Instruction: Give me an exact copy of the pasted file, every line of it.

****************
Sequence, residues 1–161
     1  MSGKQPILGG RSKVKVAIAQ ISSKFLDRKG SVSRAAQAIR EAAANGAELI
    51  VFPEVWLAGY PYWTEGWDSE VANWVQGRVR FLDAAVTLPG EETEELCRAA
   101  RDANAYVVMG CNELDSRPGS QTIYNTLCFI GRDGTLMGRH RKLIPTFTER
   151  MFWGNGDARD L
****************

Sequence, residues 1–161
     1  MSGKQPILGG RSKVKVAIAQ ISSKFLDRKG SVSRAAQAIR EAAANGAELI
    51  VFPEVWLAGY PYWTEGWDSE VANWVQGRVR FLDAAVTLPG EETEELCRAA
   101  RDANAYVVMG CNELDSRPGS QTIYNTLCFI GRDGTLMGRH RKLIPTFTER
   151  MFWGNGDARD L